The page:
Walter Barling had already accumulated experience in the design of large aircraft with his involvement in the failed Tarrant Tabor, another multi-engine large bomber triplane design for Britain. The Tabor's legacy would be quickly sealed in a fatal crash on its first flight. Similarly, the Barling Bomber would still succeed this legacy but in itself become a failure on other levels - it was simply too big and overly ambitious for the time.
The Barling Bomber was designed with a cylindrical-shaped fuselage - in some ways reminiscent of the forthcoming Boeing B-29 Superfortress. The mammoth aircraft sported a triplane wing to which no fewer than six engines were affixed. Engines were of the Liberty L-12A type and developed roughly 420 horsepower a piece. The powerplants were arranged with four of them in a tractor "puller" layout and the remaining two utilized as "pusher" systems. Despite this impressive array of power, the XNBL-1 would be oft-remembered as being much underpowered. The triplane layout was thick with cabling and struts to maintain the weight of the engines and support itself along the fuselage sides. The wing system was mounted well behind the cockpit but just forward of the fuselage center. The empennage was made up of two horizontal tail surfaces joined by four vertical surfaces and the tailplane itself was adjustable from the cockpit.
The Barling could carry a crew between six and nine personnel. Two of these positions were reserved for the pilot and copilot. The remaining positions were assigned to crew members (including a dedicated flight engineer) to man the various onboard areas that included self-defense 7 x 7.62mm machine gun emplacements on flexible mounts. The undercarriage was adjustable to an extent - though not fully retractable - and sported no less than ten wheels. A set of wheels was fixed to the front underside of the nose to prevent the massive aircraft from rolling over onto itself. The rear portion of the aircraft fitted simple tail skid.
The single prototype Barling cost American tax payers the then-lofty sum of $500,000 and required its own $700,000 hangar to store it. This coupled with the underachieving performance of the aircraft earned the project the name of "Mitchell's Folly" due to Brigadier-General William "Billy" Mitchell's strong support. Construction was handled by the Witteman-Lewis Aircraft Corporation.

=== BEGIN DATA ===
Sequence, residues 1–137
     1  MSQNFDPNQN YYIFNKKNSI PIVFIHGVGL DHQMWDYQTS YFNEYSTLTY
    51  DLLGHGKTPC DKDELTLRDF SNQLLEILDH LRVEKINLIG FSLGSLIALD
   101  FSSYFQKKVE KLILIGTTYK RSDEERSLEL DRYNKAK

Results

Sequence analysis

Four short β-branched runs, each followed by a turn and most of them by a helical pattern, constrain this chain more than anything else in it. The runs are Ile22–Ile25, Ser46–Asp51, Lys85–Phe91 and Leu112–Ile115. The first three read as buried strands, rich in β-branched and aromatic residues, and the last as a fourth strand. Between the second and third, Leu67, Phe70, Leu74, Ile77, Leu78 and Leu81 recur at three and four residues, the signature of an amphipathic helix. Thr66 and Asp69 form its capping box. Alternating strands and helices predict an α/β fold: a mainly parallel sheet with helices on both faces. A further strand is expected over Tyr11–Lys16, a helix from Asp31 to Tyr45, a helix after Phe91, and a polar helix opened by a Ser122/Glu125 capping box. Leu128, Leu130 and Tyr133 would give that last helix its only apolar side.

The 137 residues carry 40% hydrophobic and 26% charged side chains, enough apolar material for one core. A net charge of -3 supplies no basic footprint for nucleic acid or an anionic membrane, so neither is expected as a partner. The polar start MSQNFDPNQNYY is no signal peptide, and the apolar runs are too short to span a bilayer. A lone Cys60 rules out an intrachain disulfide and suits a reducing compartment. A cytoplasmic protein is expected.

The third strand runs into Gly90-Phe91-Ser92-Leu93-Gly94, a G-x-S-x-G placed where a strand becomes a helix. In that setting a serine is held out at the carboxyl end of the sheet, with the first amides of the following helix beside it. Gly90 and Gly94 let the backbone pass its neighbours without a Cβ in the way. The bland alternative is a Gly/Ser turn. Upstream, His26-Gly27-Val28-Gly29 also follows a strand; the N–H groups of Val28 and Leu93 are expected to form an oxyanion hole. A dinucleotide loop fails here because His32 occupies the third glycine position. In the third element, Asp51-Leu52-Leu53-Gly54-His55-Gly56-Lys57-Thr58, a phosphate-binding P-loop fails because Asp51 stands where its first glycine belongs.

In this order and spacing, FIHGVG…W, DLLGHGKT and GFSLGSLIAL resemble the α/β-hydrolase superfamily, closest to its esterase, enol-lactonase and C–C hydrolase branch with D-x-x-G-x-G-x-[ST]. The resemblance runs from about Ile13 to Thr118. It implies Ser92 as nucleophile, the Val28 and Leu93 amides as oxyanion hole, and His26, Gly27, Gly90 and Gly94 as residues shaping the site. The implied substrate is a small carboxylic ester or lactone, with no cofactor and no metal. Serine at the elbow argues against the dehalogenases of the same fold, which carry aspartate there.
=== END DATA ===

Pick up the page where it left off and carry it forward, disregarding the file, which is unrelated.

First flight was achieved on August 22, 1923 with Lieutenant H. R. Harris at the controls and only lasted a short while. Further trials unveiled the systems inherent inadequacies and inevitably forced the project to be grounded for several years until the sole prototype was purposely destroyed under the order of General H. H. Arnold in 1928 - no doubt in an effort to "hide all evidence" of the failed project from the American taxpayer. A second "improved" prototype was planned as the XNBL-2 but the lack of secure project funding made sure that this sequel never materialized.
Despite its legacy as a failed strategic heavy bomber attempt, the Barling Bomber was still a technological pioneer for its time. It is doubtful that even with its engine troubles resolved, the aircraft would have gone on to see much more under its name that it actually did. At any rate, several bomber advancements could eventually be attributed to this Walter Barling design including the use of the adjustable multi-wheel main landing gears, the aerodynamic shape of the fuselage and the idea of separating crew members in their stations across an enclosed fuselage.
Incidentally, the XNBL-1 designation stands for "eXperimental Night Bomber, Long range".
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